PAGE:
Families pay more for groceries because in Mississippi’s sales tax also applies to food purchases, but the Democratic candidate for governor wants to lower – or even eliminate the tax. MPB’s Alexandra Watts reports on what Jim Hood’s plan means for Mississippians.
Attorney General and Democratic nominee for Governor Jim Hood walks around Turner’s Downtown Market in Indianola, passing by bottles of lemonade and assorted produce.
Hood is here to talk about his plan to cut the sales tax on groceries -- which means customers would pay less for food and have more money in their pockets.
To make up for lost sales tax, Hood says he wants to invest online sales taxes into communities.
Hood said big corporations have gotten tax breaks, and that it’s time for working families and local communities to benefit.
“What’s happened though, since 2012, we have given away so much of the state’s money," Hood said. "That’s why we don’t have money for roads and bridges. It’s all these tax giveaways, many of them to out of state corporations. And I think certainly, if we’re going to give all these tax breaks to out-of-state corporations, certainly, we should help working people.”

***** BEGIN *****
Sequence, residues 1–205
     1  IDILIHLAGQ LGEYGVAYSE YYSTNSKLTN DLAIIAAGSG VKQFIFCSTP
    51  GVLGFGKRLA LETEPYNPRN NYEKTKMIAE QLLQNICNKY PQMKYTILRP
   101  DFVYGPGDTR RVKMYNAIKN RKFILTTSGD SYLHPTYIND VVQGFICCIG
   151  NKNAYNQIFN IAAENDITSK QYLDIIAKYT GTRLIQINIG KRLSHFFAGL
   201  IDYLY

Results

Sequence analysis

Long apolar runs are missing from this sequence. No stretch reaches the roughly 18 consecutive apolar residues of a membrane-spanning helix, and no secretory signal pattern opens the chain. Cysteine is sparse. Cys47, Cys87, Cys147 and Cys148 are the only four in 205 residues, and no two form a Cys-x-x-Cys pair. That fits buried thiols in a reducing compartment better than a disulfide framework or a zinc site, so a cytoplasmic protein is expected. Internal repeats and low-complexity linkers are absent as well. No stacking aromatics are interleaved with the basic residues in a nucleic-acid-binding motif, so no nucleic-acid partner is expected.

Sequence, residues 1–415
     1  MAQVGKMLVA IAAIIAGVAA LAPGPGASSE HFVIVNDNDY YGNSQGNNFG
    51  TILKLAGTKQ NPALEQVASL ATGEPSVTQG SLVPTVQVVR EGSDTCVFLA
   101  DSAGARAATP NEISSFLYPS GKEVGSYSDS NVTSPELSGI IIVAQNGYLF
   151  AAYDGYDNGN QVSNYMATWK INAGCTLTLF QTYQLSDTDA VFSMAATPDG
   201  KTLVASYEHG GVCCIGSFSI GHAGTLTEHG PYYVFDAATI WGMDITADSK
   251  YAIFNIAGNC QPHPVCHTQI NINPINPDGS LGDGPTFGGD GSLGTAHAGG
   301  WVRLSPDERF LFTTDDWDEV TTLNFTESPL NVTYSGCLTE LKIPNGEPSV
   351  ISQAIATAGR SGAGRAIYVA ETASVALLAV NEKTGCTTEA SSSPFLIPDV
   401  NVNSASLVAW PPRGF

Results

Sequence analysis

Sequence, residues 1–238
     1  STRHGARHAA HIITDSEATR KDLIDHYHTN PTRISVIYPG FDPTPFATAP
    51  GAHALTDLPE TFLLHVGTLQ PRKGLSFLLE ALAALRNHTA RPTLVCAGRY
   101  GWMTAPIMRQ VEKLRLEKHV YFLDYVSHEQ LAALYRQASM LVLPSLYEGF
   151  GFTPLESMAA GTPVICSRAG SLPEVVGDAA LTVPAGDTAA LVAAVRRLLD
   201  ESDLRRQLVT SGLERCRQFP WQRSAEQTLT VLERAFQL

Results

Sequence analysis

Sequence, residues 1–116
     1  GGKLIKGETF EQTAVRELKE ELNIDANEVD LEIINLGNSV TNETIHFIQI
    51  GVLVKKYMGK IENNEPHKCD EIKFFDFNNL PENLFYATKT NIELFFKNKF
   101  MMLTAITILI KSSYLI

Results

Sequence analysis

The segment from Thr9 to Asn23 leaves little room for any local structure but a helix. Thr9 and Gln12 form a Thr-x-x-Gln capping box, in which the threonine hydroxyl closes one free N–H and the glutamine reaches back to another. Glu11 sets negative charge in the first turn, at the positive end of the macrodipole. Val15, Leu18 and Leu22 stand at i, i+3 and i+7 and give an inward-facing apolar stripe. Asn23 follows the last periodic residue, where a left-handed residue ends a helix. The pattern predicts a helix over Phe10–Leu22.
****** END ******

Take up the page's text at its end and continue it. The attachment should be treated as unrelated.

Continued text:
Charles Modley lives in Sunflower County and said a lower grocery tax would help families like his.
“Even saving up enough money to pay your mortgage, buy new cars…just a lot of things you can do in a household with a family when taxes are being cut – period," Modley said.
Currently, the sales tax is seven percent. Mississippi is one of three states that charges sales taxes on groceries.
Jim Hood will face the winner of next week’s Republican run off election between Tate Reeves and Bill Waller.